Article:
With reports of increasing litigation against banking institutions for website inaccessibility, higher customer expectations around inclusive financial services and a significant update to web accessibility guidelines coming later this year, it’s important for product owners, managers and practitioners in the banking and financial sectors to have an established accessibility plan in place.
Consumers and businesses who utilise banking and financial services are increasingly gravitating towards web-based and digital platforms to meet their needs. This is compounded through growth of integrated cardless transaction systems, data-rich new payment platforms, increasing variations in smart consumer devices and changing requirements for customers to access services in an efficient and user-friendly manner, adding pressure on financial service providers and banking institutions to keep up with increasing user demands and accessibility compliance requirements.
So how does your accessibility and user experience strategy stack up in the current climate? Here’s our review of accessibility in banking and financial services in 2018, covering new business impacts, changing customer experience requirements, lawsuits and litigation, risk mitigation options and ways to improve your accessibility plan to offer an inclusive experience for everyone who uses your services.
The need for accessibility
Peer-reviewed research on the accessibility of banking and financial systems, as well as US internet usage statistics and international disability reports, highlights the need for diverse users to utilise internet-enabled banking services to meet their needs:
Global accessibility requirements
- The World Bank’s World Report on Disability highlights that ‘one billion people, or 15% of the world’s population, experience some form of disability’.
- The United Nations 2030 Agenda for Sustainable Development states that ‘disability cannot be a reason or criteria for lack of access to development programming and the realisation of human rights’.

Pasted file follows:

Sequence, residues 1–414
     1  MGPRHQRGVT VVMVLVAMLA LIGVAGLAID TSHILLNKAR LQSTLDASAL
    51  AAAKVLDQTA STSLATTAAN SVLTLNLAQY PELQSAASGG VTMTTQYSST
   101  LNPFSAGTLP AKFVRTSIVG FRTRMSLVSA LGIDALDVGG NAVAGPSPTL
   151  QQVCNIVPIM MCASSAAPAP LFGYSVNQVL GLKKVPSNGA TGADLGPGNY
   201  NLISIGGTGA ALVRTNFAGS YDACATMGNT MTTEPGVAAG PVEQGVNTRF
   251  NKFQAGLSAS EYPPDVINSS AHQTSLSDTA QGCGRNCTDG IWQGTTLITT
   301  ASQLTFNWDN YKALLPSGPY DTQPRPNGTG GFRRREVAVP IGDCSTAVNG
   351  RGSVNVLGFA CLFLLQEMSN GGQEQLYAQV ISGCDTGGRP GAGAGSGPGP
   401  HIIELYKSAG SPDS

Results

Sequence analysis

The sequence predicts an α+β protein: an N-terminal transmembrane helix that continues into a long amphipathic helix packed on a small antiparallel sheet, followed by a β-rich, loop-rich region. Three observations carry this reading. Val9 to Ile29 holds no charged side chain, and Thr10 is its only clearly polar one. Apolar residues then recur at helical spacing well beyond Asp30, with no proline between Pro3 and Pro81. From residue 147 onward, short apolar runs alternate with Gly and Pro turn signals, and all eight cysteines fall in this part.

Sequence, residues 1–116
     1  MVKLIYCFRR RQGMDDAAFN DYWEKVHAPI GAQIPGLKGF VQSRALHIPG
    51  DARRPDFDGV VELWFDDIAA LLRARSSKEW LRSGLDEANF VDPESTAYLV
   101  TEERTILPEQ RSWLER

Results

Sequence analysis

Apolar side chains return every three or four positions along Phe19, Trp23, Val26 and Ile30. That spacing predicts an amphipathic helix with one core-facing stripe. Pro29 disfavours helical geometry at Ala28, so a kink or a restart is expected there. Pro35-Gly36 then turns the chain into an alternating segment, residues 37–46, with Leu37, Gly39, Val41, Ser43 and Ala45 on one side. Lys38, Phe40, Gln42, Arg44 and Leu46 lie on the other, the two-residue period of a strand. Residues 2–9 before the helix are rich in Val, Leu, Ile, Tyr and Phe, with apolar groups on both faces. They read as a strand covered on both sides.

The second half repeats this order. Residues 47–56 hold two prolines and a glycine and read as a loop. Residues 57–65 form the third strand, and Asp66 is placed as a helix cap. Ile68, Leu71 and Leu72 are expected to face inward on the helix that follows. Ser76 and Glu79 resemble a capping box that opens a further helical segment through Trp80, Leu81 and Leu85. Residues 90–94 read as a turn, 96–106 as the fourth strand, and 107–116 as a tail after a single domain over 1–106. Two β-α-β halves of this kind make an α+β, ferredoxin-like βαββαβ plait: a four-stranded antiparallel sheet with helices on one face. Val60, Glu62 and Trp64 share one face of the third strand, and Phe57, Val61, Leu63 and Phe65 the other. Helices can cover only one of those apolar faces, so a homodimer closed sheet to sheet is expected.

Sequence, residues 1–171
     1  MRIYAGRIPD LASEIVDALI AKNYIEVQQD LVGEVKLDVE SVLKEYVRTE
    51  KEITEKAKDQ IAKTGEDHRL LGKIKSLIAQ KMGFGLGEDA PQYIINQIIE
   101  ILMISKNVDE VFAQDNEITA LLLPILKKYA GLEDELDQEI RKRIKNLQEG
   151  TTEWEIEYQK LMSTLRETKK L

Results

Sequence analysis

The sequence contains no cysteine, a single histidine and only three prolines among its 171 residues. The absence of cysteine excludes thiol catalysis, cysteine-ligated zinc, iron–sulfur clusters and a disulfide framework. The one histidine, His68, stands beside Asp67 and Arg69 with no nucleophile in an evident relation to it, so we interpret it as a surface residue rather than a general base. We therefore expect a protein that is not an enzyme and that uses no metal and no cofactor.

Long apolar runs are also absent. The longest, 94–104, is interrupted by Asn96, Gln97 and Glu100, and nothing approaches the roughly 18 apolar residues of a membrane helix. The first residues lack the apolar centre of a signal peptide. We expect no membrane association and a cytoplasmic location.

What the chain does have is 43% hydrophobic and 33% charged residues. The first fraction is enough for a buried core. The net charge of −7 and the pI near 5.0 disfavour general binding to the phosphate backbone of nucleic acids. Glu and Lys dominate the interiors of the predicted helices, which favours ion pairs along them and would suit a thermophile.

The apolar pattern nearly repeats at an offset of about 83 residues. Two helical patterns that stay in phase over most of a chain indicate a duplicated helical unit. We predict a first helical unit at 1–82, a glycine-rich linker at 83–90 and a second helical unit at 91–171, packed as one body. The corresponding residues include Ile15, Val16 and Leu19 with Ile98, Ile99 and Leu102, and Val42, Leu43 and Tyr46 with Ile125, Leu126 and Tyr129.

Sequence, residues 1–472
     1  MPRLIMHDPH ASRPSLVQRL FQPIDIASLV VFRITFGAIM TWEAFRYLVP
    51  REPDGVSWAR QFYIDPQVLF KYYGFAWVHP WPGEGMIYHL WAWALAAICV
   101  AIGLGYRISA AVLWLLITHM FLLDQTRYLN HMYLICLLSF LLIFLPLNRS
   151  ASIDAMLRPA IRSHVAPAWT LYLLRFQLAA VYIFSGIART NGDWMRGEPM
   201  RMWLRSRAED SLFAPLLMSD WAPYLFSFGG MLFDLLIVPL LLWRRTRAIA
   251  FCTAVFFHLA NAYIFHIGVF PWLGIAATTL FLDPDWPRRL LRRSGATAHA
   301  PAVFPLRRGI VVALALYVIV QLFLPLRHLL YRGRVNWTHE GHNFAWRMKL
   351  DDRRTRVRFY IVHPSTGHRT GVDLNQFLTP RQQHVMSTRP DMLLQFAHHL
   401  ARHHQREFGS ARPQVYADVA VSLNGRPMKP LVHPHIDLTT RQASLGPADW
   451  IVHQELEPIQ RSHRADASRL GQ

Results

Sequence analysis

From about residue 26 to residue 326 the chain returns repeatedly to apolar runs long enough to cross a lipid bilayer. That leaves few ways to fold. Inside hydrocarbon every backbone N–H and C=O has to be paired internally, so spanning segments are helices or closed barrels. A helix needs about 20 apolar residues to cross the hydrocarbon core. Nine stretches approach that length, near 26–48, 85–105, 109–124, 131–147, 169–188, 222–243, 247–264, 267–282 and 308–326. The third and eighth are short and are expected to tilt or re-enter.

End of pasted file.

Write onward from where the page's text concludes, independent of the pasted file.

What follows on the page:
- The W3C’s Web Content Accessibility Guidelines (WCAG) were established to ensure online content is inclusive and accessible for users with disabilities. WCAG 2.0/WCAG 2.1 ensures the guidelines are perceivable, operable, understandable and robust, as well as technology-agnostic and prioritised, to support contextual implementation across any platform.
Given the above overview of guidelines, statistics and cases outlining the need for banking accessibility, what are the risks involved in not having an accessibility strategy in place?
The costs of inaccessibility
As users shift towards digital services, lawsuits challenging website accessibility of banking and financial services in the US have been gaining traction well into 2018 . With significant financial windfall available for plaintiffs affected by inaccessible banking platforms, financial institutions are often targets of litigation with regards to compliance gaps with the ADA and Section 508 requirements for ICT services.
Costly lawsuits can be avoided with a defined accessibility plan and established risk mitigation strategies in place.
Brand reputation risks
Inaccessible banking platforms can lead to a negative user experience, with potential flow-on to news coverage, social media discussion, and damage to brand reputation. By meeting the needs of diverse users and aiming for accessibility conformance through testing and development with established guidelines (e.g. WCAG 2.0/2.1) you can ensure that the needs of diverse users will be met across all of your digital platforms and services for people to engage without experiencing issues.